After my assam melody ran out, I felt spoiled. I tried it with the usual Red Label Mamri, not good enough for me anymore!!! UNLESS I want to prepare my masala chai with a different method(boiling of the chai leaves involved)...I will begin using a higher quality assam.

I tried ceylon sonata, pretty tasty as well, but it was too weak to handle the spices. Might give it another try with more leaf.

I also tried it with castleton moonlight, an awesome chai! But still a bit too weak, again this was expected just an experiment (more leaf next time :) ). Assams really are the way to go!
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Postby Rainy-Day » Jul 21st, '09, 11:41

You should try boiling Assam, as well. I think it might turn out even better.
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Re: Shahrzad barooti VS. Brooks Bond red label?

Postby Masalachaaaaiii... » Jul 22nd, '09, 15:19

I haven't done the boiling method in a while, definitely makes it stronger. I will probably give it a go today, just to see if I like it more :D I used to boil everything, just like the taste of steeping it instead lately.

EDIT: I made some with the boiling method(ginger+spices+chai leaves for 10mins) for the first time in a while. Its about the same taste, just mildly stronger :wink:
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Re: Shahrzad barooti VS. Brooks Bond red label?

Postby Rainy-Day » Jul 22nd, '09, 23:58

For me, it's the opposite, I've never done steeping method. In fact lately I haven't made chai at all, too busy and I don't want to skimp on time, if I make chai I want to spend 15 minutes brewing it and if I spend 5 minutes on preparation, that's 20 minutes right there.. I've been so busy that I only have enough time to make a quick one-steep shincha! I really like chai, though, because there's so much variety that can be explored in combining different amounts of various spices. And the ritual of grinding spices is very appealing.
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Re: Shahrzad barooti VS. Brooks Bond red label?

Postby Shai Guy » Aug 7th, '09, 12:00

The best way of making Masala Chai in my opinion is to boil the spices with the water and when it reaches a boil,lower the flame under the pan and add the tea and let it brew over the low flame for 10 minutes.This way you are fully extracting the caffeine and flavor from the tea but not destroying the volatile substances from the tea which would happen if you boiled it.I also warm the milk in a separate smaller pan and then I strain the tea in my teapot and pour the warmed milk in and mix them.The low flame over the brewing tea will ensure a maintained hot temp. and also help extract a stronger flavor.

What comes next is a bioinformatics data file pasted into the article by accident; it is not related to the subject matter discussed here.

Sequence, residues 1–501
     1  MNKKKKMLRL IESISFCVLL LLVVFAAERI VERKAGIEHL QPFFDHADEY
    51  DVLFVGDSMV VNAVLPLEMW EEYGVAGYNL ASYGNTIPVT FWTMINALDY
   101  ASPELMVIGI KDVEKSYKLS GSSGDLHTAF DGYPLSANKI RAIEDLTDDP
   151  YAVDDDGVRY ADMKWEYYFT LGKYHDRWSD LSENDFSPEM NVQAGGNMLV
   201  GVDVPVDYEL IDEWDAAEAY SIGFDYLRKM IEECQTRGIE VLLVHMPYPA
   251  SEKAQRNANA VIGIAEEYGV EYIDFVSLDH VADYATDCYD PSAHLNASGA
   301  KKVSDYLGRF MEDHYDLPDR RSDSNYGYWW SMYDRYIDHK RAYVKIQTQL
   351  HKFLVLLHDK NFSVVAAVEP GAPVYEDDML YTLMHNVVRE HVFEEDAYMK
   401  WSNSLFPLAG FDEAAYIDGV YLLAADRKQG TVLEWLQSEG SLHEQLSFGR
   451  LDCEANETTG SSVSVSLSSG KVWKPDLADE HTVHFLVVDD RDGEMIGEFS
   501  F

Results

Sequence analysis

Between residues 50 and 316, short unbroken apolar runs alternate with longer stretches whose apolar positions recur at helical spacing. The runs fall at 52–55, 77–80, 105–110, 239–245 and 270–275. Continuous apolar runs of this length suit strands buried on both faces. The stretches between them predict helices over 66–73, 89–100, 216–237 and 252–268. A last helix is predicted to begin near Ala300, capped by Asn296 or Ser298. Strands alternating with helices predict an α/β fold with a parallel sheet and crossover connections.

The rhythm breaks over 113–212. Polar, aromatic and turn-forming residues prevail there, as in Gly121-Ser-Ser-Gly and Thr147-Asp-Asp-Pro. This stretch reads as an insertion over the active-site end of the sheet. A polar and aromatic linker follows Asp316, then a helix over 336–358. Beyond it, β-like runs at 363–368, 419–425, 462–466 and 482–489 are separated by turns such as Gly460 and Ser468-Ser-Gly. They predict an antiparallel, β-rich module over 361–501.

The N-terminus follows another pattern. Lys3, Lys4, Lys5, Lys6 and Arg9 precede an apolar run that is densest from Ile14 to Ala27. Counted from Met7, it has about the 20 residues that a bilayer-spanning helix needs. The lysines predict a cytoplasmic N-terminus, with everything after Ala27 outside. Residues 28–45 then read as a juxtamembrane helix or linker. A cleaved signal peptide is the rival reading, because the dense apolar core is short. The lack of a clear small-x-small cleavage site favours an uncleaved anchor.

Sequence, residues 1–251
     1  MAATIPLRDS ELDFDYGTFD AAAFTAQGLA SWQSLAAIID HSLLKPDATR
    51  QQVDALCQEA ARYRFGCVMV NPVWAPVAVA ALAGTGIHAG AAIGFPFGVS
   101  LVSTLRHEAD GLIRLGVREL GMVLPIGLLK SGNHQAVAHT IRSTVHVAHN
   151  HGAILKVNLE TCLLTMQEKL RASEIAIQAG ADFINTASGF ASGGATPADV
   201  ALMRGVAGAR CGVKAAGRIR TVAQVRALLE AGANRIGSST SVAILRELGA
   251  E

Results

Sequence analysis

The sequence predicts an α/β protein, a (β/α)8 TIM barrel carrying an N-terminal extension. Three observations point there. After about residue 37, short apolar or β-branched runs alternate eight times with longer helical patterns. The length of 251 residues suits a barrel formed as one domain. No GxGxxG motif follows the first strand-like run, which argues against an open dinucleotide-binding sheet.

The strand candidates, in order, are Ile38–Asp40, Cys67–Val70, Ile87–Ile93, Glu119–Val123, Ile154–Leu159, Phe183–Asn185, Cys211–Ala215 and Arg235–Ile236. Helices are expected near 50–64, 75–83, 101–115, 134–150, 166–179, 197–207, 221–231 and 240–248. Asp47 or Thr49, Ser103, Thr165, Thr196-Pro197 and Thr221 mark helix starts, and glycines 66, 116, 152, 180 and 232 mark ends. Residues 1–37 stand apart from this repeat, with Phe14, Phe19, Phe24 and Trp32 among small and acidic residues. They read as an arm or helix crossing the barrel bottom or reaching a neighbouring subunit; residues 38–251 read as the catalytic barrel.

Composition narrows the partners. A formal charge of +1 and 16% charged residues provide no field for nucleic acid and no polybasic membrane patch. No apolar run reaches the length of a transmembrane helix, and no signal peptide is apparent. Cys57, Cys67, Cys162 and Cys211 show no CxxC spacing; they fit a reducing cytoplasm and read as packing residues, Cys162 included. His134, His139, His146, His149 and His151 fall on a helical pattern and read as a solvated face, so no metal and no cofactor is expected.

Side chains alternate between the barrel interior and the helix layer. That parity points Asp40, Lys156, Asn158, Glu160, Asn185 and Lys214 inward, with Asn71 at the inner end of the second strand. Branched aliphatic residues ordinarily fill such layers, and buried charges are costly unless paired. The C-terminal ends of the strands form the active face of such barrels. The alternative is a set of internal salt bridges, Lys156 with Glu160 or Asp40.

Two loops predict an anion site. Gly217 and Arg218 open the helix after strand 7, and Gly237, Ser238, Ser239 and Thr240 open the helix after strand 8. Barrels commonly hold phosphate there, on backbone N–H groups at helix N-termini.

I think this is the best way as you are not destroying the flavors and also I read some studies from Pakistan about how boiling tea destroys the volatile oils and flavors of the tea leaves.The study was based on the traditional way of preparing Pakistani tea which is the same as Indian tea,both countries drink Masala Chai.
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Re: Shahrzad barooti VS. Brooks Bond red label?

Postby Rainy-Day » Aug 8th, '09, 16:40

shai guy: yeah, I actually don't think anybody boils chai, all recipes I've seen call for simmering. One question, though: why do you heat milk separately? Do you ever use half-and-half?
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Re: Shahrzad barooti VS. Brooks Bond red label?

Postby hop_goblin » Aug 10th, '09, 09:22

I use Brooks Bond Red to make my Indian chai Masala and as an occasional breakfast tea. The other ones sold in Arabic stores if memory serves me correctly is a Ceylon tea and not an Indian. In my opinion they have different characteristics. THe BBRL is more malty while the Ceylon is more subdued.
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Re: Shahrzad barooti VS. Brooks Bond red label?

Postby marlena » Aug 29th, '09, 14:35

All of the teas I've had from Indian food stores have been of the so-so category and I've paid as much as [ta-da] $8 a lb. They're ok on a short brew but they are not good quality Nilgiri, Assam or Darjeeling - almost all of which is exported here or to Europe.